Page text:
On The Eve of Its 40th Reunion, A Fillmore East ‘Candy Chick’ Looks Back

You’ve heard one former NYU student’s memories of working the door at Limelight (the documentary about the club opened tonight at Sunshine Cinema); now let Jane Bernstein, an NYU alum of an earlier era, regale you with stories of working the box office at a still more legendary club – the one and only Fillmore East.

fillmoreAmalie R. Rothschild A crowd gathered in May 1970 when tickets went on sale for Crosby, Stills, Nash and Young.

As I prepare for the Fillmore East’s fortieth reunion on Saturday night, I wish I could remember more about all the music that played there. From opening night on March 8, 1968 to the final concert on June 27, 1971, the best-known performers of the era (The Doors, The Who, Jefferson Airplane, Santana, Joni Mitchell, Elton John, The Allman Brothers) were on the stage twice each Friday and Saturday night, at 8 p.m. and 11:30 p.m. Only the Rolling Stones and the Beatles bypassed the legendary theater on Second Avenue and Sixth Street for stadium-sized audiences.

I heard nearly all of these performances because I worked at the Fillmore, first as a “candy chick,” then in the main office, and then as a “box office crazy.” I spent five days a week in our narrow “shoe-box office,” with its graffiti-covered walls and 50-pound boxes of Hershey’s Kisses, which we distributed by the handful to customers.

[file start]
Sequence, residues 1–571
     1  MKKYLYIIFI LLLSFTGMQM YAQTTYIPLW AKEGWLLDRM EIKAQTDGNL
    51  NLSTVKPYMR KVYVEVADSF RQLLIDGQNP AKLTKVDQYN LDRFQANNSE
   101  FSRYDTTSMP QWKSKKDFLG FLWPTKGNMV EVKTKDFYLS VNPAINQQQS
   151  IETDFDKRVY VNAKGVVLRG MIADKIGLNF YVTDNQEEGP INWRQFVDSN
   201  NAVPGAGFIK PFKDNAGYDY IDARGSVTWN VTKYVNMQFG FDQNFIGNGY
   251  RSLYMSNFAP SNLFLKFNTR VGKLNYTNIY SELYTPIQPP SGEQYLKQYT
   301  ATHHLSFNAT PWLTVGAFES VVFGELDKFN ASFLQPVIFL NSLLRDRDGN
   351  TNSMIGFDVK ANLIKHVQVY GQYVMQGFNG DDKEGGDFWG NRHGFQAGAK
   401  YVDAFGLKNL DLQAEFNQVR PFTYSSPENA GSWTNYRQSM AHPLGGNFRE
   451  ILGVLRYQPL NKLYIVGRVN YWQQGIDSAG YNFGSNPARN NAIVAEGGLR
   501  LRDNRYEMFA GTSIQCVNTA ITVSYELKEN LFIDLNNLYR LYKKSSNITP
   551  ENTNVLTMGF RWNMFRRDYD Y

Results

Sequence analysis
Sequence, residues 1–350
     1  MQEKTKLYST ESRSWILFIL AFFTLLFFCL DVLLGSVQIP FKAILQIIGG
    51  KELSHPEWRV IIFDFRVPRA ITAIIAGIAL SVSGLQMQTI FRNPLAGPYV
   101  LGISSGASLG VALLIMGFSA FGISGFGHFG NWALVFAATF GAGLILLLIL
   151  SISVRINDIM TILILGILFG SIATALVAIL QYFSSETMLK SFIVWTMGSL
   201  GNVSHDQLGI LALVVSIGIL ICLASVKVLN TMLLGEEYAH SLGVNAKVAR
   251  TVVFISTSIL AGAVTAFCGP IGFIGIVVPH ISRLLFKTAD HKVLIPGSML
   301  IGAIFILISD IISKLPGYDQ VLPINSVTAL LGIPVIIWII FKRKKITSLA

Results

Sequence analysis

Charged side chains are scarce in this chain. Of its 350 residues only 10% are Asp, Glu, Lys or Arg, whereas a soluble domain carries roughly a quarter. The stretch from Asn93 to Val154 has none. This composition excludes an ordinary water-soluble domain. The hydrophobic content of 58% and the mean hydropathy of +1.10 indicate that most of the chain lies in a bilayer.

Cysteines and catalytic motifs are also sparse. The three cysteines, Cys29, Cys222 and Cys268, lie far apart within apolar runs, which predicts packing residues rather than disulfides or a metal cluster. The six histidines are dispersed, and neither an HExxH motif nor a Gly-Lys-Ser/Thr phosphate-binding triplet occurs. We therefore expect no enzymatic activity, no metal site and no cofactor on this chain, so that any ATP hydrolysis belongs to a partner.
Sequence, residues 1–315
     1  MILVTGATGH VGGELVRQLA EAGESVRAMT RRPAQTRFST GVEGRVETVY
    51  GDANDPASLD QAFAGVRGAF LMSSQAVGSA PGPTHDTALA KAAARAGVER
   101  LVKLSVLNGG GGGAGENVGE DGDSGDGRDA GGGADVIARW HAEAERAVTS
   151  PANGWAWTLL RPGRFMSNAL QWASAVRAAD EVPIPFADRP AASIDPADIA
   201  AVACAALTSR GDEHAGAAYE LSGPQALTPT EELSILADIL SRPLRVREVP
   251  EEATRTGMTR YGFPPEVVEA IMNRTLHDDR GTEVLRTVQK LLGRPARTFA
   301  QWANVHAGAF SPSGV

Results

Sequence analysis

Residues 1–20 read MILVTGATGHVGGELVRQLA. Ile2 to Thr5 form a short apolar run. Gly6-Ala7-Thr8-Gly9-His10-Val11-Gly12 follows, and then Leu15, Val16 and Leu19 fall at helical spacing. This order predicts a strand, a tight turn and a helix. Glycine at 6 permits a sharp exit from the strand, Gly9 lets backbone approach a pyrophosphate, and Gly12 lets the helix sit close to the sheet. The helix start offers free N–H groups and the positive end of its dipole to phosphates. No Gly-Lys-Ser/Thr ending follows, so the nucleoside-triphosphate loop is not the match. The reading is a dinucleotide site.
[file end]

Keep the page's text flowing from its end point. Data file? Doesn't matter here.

The holes in my memory make me a terrific disappointment to my daughter, who is hungry for stories from this era.  She was outraged that I couldn’t recall Jimi Hendrix practicing “Purple Haze” and could share no details about the night John and Yoko showed up. She couldn’t believe I forgot about Ike Turner waving around his gun backstage.

John&YokoAmalie R. Rothschild John and Yoko, June 5, 1971.

Partly it’s my age, and partly it’s that so much happened, on stage and off, on any given night.  I can remember waiting in what someone called “hysterical nonchalance” for Bob Dylan to appear one night when the Band was playing, but I’m sure on that same night there was a kid hallucinating in the balcony, and a romantic entanglement in the narrow box office, where we slid past each other, belly to belly.

Indeed what I remember best are the people who worked at the theater, members of “the Fillmore Family.” And we were a family, in a way. One year, instead of spending Thanksgiving with my parents in New Jersey, I celebrated the holiday at a long table in the lobby of the theater with others who felt more connected to the Fillmore Family than any family that came before. I sat beside Janis Joplin. I do not recall saying “hi,” or “pass the cranberry sauce.” I only remember my parents’ generous acceptance that I chose to have Thanksgiving at the Fillmore, and what I wore – a purple felt hat with a paisley scarf. Decades later, I gave my daughter the purple hat, as if to apologize for forgetting about “Purple Haze.”